20 years after 9/11: Rep. Hal Rogers reflects on the terror of the day and policies that followed

20 years after 9/11: Rep. Hal Rogers reflects on the terror of the day and policies that followed
20 years after 9/11: Rep. Hal Rogers reflects on the terror of the day and policies that followed(Gray DC)
Published: Sep. 10, 2021 at 8:51 AM CDT
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WASHINGTON (Gray DC) - Saturday will mark 20 years since terrorists hijacked four planes, orchestrating a series of deadly attacks the likes of which this country had never seen before and hasn’t since.

“The tragedy of 9/11 is marked in our hearts forever,” said Rep. Hal Rogers (R-Ky.) in a recent interview in which he reflected on the tragedy and its aftermath. He recalls realizing the country was under attack and later wondering where to draw the line between liberty and security.

At their home outside D.C., Rep. Hal Rogers and his wife felt an explosion and saw a cloud mushrooming out of the Pentagon on September 11th, 2001.

“Cynthia said, ‘Hal, what’s going on?’, and I said, ‘we’re at war’,” Rogers said.

Half-an-hour earlier, Rogers remembers phoning his office, telling staff to get out after a second plane flew into New York’s iconic Twin Towers

“The next thought was, okay, what do we do now.”

Days after the attacks, Rogers led his transportation subcommittee to the edge of Ground Zero, inspecting a collapsed subway line. “It brought home the tragedy and hugeness of this attack,” he said, “I can still smell the smell of the ruins, I can still see the outlines of rescue workers trying to get to someone they could save.”

But Rogers’ primary focus over the coming weeks, months, and years would shift to managing Congressional oversight of the newly created Dept. of Homeland Security, as it merged 22 agencies into one.

“The difficulty [was] of getting all those agencies to pull in the same direction at the same time,” Rogers said, “it’s better than it was but still has a long way to go.”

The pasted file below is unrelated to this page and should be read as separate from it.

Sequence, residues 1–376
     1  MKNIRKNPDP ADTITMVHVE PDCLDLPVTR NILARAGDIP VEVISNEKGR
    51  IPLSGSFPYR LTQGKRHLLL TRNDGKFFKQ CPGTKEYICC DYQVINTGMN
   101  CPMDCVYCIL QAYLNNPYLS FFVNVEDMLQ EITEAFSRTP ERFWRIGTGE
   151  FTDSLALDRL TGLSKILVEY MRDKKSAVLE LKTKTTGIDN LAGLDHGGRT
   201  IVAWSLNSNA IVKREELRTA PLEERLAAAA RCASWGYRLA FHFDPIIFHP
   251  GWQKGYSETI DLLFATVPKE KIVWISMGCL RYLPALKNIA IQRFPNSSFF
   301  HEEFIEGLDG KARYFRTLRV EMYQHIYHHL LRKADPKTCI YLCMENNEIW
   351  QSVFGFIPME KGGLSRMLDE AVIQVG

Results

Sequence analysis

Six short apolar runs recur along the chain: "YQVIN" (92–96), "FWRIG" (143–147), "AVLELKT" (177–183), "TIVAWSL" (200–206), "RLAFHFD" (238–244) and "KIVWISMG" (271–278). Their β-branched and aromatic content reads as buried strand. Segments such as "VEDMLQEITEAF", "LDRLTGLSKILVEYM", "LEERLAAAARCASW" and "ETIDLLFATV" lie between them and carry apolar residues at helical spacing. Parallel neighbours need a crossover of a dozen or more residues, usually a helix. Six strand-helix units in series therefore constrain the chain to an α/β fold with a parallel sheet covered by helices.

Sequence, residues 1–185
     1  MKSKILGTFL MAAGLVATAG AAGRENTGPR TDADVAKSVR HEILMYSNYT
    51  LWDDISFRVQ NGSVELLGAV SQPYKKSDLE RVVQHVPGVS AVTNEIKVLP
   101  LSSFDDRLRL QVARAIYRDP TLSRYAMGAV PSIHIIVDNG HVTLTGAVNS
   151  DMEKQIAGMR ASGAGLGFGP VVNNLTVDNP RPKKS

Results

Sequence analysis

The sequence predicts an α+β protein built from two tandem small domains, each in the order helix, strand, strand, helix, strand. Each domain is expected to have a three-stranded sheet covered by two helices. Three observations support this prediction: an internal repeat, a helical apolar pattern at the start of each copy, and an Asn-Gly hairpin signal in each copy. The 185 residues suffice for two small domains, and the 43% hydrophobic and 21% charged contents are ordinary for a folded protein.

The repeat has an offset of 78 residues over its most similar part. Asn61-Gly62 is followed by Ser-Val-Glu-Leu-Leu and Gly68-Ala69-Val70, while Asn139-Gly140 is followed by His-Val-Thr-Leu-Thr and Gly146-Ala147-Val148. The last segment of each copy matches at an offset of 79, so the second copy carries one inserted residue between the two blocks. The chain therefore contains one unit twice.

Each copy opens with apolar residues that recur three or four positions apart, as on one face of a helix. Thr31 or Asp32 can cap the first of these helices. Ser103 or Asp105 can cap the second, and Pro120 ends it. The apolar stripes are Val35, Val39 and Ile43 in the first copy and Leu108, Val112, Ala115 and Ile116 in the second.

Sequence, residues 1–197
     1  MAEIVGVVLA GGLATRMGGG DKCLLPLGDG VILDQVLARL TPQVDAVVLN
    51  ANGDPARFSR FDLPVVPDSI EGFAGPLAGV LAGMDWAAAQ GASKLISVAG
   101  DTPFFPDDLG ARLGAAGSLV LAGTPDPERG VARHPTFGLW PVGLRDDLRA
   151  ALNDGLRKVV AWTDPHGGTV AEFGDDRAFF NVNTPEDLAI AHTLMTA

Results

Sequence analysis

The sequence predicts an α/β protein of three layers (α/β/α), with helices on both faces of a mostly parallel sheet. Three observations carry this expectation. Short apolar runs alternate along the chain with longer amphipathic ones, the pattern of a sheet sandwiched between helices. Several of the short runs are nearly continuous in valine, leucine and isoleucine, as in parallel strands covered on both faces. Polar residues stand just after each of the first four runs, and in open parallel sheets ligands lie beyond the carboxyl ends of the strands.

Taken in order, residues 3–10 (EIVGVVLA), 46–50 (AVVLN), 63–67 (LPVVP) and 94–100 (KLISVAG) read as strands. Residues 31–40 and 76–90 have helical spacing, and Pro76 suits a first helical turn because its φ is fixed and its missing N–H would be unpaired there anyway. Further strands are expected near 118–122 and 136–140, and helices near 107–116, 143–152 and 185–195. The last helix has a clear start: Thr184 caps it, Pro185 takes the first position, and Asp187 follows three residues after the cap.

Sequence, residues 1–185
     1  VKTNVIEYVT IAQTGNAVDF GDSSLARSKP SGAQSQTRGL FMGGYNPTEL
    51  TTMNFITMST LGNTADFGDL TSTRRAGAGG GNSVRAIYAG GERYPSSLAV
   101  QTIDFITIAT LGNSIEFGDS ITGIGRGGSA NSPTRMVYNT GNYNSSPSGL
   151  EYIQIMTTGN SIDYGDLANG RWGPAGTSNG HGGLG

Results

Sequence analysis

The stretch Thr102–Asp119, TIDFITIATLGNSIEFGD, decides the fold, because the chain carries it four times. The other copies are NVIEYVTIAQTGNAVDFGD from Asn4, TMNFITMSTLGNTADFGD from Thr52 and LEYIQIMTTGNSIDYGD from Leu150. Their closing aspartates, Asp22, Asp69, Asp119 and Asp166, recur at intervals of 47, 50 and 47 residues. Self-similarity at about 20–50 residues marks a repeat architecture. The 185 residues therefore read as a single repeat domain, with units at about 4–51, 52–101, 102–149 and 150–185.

Rogers, like all but one member of Congress, voted for the resolution that began the country’s two decades-long ‘War on Terror’. He later backed making it easier to track and charge suspected terrorists, at home and abroad.

Rogers recalls worrying that efforts to secure the nation might be overly-restricting civil liberties, especially in the months immediately following 9/11.

“During the process of trying to secure the nation, there were times when, on reflection, we were being pretty heavy-handed,” he said.

Rogers declined to cite specific examples of that ‘heavy-handedness’ though while adding he does not believe leaders ever, “went too far.”

In the aftermath of 9/11 and the decades that have followed, civil liberties advocates raised alarm about mass surveillance, secret courts, and suspects held for decades without charge.

But, Rogers, argues lawmakers struck the best balance they could given the circumstances. “There were things we had to do,” he emphasized, “we didn’t know what was next.”

While President Biden has withdrawn troops from Afghanistan, he still has congressional authorization to take action against those who played any role in the 9/11 attacks. That power has been used by previous administrations to justify military action in Afghanistan, Iraq, and more than a dozen countries according to the Congressional Research Service.

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